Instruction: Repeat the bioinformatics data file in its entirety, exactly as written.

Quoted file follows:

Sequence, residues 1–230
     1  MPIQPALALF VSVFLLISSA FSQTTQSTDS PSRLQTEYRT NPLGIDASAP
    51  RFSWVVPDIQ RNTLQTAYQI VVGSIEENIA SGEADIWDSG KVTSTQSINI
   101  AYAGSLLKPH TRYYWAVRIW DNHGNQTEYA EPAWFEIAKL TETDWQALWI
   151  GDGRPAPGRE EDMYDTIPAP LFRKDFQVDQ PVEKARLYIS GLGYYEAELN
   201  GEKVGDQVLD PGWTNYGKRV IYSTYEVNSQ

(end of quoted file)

Sequence, residues 1–230
     1  MPIQPALALF VSVFLLISSA FSQTTQSTDS PSRLQTEYRT NPLGIDASAP
    51  RFSWVVPDIQ RNTLQTAYQI VVGSIEENIA SGEADIWDSG KVTSTQSINI
   101  AYAGSLLKPH TRYYWAVRIW DNHGNQTEYA EPAWFEIAKL TETDWQALWI
   151  GDGRPAPGRE EDMYDTIPAP LFRKDFQVDQ PVEKARLYIS GLGYYEAELN
   201  GEKVGDQVLD PGWTNYGKRV IYSTYEVNSQ